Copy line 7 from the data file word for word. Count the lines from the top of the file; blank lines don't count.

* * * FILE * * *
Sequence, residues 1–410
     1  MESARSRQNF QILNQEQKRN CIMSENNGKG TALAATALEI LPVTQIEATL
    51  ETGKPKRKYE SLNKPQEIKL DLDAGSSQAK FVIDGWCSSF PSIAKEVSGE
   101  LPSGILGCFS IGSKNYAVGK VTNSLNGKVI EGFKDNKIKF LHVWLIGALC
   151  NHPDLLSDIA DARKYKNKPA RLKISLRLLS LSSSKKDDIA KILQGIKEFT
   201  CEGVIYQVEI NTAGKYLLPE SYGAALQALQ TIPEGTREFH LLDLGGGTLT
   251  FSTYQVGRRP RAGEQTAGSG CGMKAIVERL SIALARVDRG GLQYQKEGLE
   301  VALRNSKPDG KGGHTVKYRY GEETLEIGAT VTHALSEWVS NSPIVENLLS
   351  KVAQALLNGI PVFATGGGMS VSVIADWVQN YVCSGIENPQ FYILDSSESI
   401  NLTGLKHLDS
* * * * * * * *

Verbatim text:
   251  FSTYQVGRRP RAGEQTAGSG CGMKAIVERL SIALARVDRG GLQYQKEGLE